Having never received vocal training, it truly is a wonder how Nat King Cole’s perfect baritone came to be. Learning piano at age four eventually led to him dropping out of school at 15 to lead bands. It wasn't long before he formed The King Cole Trio, which inspired other jazz musicians. 

Cole’s talent and skill transcended many racial barriers at the time. But still, he was harassed, attacked, and even almost murdered by white supremacists as he tried to please everyone he could as an entertainer. Cole’s untimely death struck when he was just 45 from aggressive lung cancer. But he and his music won’t be forgotten. 



Frank Sinatra 

Of course Sinatra was influential in jazz, but he was also influential in pop culture in general as a member of The Rat Pack, a movie star (he even won an Oscar), and the creator of the first popular concept album, Songs for Young Lovers. Friend of Ella Fitzgerald and Duke Ellington, equality was important to Sinatra, who refused to perform and stay in whites-only venues and insisted on equal pay and treatment for his musicians. 

In super simple terms for those unfamiliar, Sinatra was kind of like the Harry Styles or Beyoncé of those times, only much more crucial to music and pop culture. He invented the path many popular artists now follow. 



Nina Simone 

Proving that this legend's music isn’t going anywhere, some modern music videos were recently uploaded to YouTube to accompany her music. Uploaded in 2021, the video for her cover of Feeling Good, released in 1965, has 17 million views. But we included her cover of I Put A Spell On You as it’s a little jazzier. 

Simone blended genres, dipping into jazz, R&B, soul, blues, pop, and more over her career. She was outspoken about Civil Rights and inspired countless artists with her voice including Aretha Franklin, Lauryn Hill, John Legend, Mary J. Blige, Alicia Keys, and Usher. Every piece of music she released is drenched in raw, unmatched emotion.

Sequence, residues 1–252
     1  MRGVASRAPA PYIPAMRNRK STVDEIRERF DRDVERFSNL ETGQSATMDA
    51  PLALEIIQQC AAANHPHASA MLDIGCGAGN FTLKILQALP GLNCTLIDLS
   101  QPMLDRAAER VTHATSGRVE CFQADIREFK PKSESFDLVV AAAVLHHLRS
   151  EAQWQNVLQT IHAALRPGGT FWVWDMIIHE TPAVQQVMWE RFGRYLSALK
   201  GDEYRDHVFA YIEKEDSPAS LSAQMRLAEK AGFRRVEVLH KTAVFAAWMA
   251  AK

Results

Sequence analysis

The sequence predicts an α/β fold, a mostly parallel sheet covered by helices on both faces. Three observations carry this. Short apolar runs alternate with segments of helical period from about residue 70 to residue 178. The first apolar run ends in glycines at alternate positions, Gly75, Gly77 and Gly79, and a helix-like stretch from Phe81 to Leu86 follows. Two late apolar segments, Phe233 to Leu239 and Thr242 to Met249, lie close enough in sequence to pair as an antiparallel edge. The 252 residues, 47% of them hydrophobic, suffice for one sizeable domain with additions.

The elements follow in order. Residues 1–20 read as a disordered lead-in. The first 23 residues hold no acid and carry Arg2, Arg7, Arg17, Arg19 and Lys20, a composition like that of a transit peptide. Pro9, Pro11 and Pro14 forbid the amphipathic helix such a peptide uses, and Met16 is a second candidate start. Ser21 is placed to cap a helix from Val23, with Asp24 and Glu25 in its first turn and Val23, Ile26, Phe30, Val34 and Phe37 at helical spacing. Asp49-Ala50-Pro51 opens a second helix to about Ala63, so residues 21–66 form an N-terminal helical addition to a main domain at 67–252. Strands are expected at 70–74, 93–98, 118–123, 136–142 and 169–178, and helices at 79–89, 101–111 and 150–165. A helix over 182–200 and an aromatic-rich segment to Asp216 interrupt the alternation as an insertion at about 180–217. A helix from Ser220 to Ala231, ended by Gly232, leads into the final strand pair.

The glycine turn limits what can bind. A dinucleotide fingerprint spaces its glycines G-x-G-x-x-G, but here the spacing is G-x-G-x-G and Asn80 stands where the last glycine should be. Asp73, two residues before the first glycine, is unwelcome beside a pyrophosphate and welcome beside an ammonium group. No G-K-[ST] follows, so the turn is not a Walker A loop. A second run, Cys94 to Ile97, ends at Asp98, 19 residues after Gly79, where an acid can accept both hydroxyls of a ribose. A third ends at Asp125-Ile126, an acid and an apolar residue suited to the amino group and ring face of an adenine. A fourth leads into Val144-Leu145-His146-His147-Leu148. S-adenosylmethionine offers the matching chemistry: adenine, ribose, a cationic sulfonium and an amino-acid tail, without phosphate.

Learn more about her and her music with What Happened, Miss Simone? on Netflix.



Chet Baker 

Known for fragile singing and trumpet playing, Chet Baker had an incredibly chaotic life but is remembered as one of the biggest names in West Coast Jazz. Almost whispering with both the trumpet and his voice when performing, he put his soul into both instruments when he played, a pretty rare and remarkable achievement. His live performances are often considered some of his best work which is why we included that specific clip above. Baker regularly topped “best trumpet player” polls. 



Charles Mingus 

Bass player, pianist, band leader, and composer, Charles Mingus is often regarded as one of the best jazz composers. Alongside creating music, he founded his own publishing and recording companies, and a jazz workshop for young composers to have their work performed live and on recordings. 

Mingus played a vital role in proving the bass was a versatile instrument, demonstrating the instrument’s range and capabilities. Bonus: definitely listen to his track Moanin’, you’ll most definitely recognise it!



Duke Ellington

Duke composed over 3,000 songs in his life and released over 50 hits. There’s not too much that needs to be said here. His music was a colossal influence on popular music in the late 20th century.

Fun fact: Duke claimed to have a form of synaesthesia, which caused him to see notes played by one musician as one colour while the same notes played by another would be a different colour. He also claimed notes had textures.



Obviously there are so many more influential jazz musicians - the genre dates back to the late 19th century. But these are some of the biggest names to come out of the genre, inspiring millions. Most still have their records played on the radio today. Checking out these artists will definitely make it easier for those new to the genre to jump in!